Thursday, July 12, 2006
Railroad access key to industries
By SUE WATSON
With queries coming in from prospects looking for good locations, railroad access is fast becoming the key to industrial expansion in Marshall County, according to Bill Renick, executive director of the Industrial Development Authority.
Three sites with either existing or potential access to rail are being scrutinized by companies. A combination of rail access and highway access is a winning combination.
“Rail sites are at a premium right now,” Renick told the Marshall County Board of Supervisors last week.
The county is in the running for another big project, Renick said, one of three sites in two states.
“I think we’re in the number one slot,” he said, without divulging further details.
In other IDA business, the authority is looking to put together an education proposal.
“We have some things to discuss at the IDA board and then we will want to talk with supervisors about education,” he said.
Other reports at the July 3 meeting of the board of supervisors included:
Chancery Clerk’s Report
County claims for last month came to $541,408, according to Chuck Thomas, chancery clerk. Of that, $226,006 were bills paid out of the general fund. Road and Bridge expenditures came to $260,908.
Thomas said with one quarter left, only 72 percent of the authorized budget has been spent at 75 percent the way through the budget year. Some budget accounts are running low, however, particularly the road and bridge fund and the sheriff’s fund, due to high fuel costs this year following last year’s hurricane that cut short production of gas and oil in fields in the Gulf of Mexico.
County Engineer’s Report
Engineer Larry Britt requested a supplemental agreement signed to cover unanticipated paving needs on the Holly Springs Highway 4 bypass. The supplemental agreement allows for a better price for asphalt to pave the tie-in ramps at North Holly Springs Exit. He requested a change order for an additional $49,868 for asphalt, test piles and changing pilings used for the project, commonly referred to as the APL Project. Money is in the contingency fund to cover the change order, he said.
Supervisors approved both requests.
APL Bypass Road is expected to be ready for paving by the end of the year. No funds have been appropriated by the state for paving yet, Britt said.
Britt recommended and the board authorized a Seldon Estates subdivision plat on condition that the approval not be filed until a letter of credit is on record at the Chancery Clerk’s office. The subdivision is located off Taska Road.
The board approved a permit for boring under Coldwater Bend Road at Coldwater Hill Subdivision to run new phone cable.
The contractor has begun work on the Hernando Road project, Britt said.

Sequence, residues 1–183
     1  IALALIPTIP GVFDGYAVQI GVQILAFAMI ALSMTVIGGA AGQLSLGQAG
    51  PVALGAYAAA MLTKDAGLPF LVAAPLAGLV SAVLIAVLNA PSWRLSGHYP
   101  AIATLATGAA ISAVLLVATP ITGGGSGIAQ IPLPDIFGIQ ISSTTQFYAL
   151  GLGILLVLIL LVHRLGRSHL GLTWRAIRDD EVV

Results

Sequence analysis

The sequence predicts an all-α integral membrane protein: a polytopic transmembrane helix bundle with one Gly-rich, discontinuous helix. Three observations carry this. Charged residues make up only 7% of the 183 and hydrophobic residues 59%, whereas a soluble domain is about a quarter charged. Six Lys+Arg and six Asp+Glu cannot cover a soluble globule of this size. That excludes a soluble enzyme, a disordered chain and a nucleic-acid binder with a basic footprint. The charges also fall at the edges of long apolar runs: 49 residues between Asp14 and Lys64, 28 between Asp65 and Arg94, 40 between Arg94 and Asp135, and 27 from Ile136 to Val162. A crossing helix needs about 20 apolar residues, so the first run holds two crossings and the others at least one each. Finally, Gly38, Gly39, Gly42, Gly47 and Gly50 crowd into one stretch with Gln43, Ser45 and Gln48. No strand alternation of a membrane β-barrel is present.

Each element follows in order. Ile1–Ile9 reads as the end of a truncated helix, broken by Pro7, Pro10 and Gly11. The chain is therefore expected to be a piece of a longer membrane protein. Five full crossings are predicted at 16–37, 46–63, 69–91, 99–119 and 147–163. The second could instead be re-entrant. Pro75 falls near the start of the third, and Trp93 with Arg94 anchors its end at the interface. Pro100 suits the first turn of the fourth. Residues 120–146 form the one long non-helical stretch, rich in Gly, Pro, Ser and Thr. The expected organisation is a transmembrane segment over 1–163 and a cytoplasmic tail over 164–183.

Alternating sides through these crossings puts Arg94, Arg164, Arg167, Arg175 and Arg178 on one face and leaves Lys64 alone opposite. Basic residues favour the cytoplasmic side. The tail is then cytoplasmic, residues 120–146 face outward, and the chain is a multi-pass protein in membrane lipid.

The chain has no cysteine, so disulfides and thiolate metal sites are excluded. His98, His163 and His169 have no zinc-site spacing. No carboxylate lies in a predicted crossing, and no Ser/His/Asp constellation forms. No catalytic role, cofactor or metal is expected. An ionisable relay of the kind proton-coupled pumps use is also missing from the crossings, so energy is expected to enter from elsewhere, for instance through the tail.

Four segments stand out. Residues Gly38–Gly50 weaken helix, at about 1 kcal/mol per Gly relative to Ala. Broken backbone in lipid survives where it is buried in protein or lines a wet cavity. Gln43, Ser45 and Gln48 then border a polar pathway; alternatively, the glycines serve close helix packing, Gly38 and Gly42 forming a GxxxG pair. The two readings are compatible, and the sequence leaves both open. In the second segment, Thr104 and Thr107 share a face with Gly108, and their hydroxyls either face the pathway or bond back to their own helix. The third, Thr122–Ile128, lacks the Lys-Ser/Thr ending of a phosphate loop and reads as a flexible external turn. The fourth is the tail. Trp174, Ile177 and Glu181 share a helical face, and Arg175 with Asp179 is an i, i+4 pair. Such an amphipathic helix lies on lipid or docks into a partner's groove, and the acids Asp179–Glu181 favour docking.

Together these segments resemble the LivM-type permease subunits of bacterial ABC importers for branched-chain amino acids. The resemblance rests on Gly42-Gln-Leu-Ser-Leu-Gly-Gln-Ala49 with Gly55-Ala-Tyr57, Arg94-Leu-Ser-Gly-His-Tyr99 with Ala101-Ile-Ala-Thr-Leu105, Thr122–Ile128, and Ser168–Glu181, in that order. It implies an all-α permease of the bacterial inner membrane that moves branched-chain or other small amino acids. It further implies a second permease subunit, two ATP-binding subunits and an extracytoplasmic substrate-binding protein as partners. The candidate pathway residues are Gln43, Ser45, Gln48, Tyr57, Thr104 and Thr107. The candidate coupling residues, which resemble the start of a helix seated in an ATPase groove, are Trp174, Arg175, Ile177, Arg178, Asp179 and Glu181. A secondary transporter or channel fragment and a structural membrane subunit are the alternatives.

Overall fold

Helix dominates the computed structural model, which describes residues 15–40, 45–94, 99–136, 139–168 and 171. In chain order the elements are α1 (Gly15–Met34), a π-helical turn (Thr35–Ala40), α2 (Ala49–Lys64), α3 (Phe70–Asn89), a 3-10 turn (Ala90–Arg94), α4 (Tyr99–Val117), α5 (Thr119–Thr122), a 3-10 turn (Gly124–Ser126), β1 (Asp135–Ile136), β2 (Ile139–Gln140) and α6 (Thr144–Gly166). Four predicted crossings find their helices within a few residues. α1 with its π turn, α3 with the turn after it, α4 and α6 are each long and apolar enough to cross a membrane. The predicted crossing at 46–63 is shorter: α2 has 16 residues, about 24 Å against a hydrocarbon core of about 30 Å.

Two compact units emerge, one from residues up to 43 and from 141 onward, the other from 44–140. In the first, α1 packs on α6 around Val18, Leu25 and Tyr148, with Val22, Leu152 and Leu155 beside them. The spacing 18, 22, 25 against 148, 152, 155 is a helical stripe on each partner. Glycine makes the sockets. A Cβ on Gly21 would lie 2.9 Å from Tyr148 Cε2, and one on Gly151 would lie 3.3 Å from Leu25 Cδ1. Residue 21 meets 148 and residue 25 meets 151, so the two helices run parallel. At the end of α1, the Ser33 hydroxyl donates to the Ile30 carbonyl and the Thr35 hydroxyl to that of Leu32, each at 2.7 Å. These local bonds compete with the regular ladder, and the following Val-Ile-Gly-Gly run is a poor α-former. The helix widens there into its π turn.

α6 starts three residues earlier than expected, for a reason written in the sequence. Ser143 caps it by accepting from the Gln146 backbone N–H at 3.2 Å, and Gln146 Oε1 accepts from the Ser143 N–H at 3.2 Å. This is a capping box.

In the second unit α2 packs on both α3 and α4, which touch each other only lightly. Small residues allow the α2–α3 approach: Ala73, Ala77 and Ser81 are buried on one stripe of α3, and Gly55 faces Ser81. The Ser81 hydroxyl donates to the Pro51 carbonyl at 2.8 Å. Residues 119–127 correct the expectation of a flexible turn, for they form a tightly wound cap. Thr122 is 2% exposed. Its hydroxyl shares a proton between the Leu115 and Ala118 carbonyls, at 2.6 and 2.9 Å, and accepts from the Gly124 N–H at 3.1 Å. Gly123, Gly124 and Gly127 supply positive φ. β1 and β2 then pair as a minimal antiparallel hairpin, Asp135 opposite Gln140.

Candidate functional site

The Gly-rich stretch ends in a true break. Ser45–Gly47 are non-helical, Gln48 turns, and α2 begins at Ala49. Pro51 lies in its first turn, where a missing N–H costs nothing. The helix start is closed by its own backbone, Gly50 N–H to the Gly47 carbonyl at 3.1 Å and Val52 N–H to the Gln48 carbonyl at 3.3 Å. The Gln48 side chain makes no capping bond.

Tax Assessor’s Report
Tax revenues for year 2006 are expected to increase by about 3 percent, according to Ronnie Johnson, tax assessor. The total new true value of real and personal property picked up in 2006 is about $70,591,000, he said. The new properties include vehicles, mobile homes, new homes, new businesses and new warehousing and industry.
The assessed valuation is up about $10 million this year with about $4.4 million of that falling in the tax exempt category. Last year, there was $6.18 million in exemptions but this year the figure is up to $10 million due primarily to a large warehousing operation being built, Johnson said.
The overall assessed valuation in 2005 of real and personal properties in the county was about $173.77 million and the figure this year is up to about $183.4 million - or $10 million.
Agricultural land use values were down this year due to the change in the assessed valuation for trees. The county will lose over $300,000 in assessed value on farm land, Johnson said. The assessed value of uncultivatable land decreased from $7.95 million in 2005 to about $7.67 million this year.
A $3 million dip in the true value of low-income apartments brought a loss of about $450,000 in assessed value in that category.
The loss in assessed valuation in agricultural properties and low-income apartments taken together comes to about $750,000, Johnson said.
With the tax exemptions given to owners of apartment complexes, approximately $37,000 in tax revenue will not be collected this year and another $35,000 in city and county school taxes from the low-income housing development in the county will not be levied.
“It’s hard when you keep giving exemptions, you don’t have a big increase in revenues,” he told supervisors.
He noted that although big warehousing and industry is coming to Marshall County, 10-year tax exemptions given to manufacturing and warehousing, mean that tax coffers will not be increasing soon with the recent growth boom in those sectors of the economy.
“All in all, the bottom line is, we’re not having too good a year, even though assessed value is up,” Johnson said. “It is good for the schools, but not for the overall county.”
Warehousing and manufacturing sectors are not exempt from paying ad valorem tax levied for the school districts.
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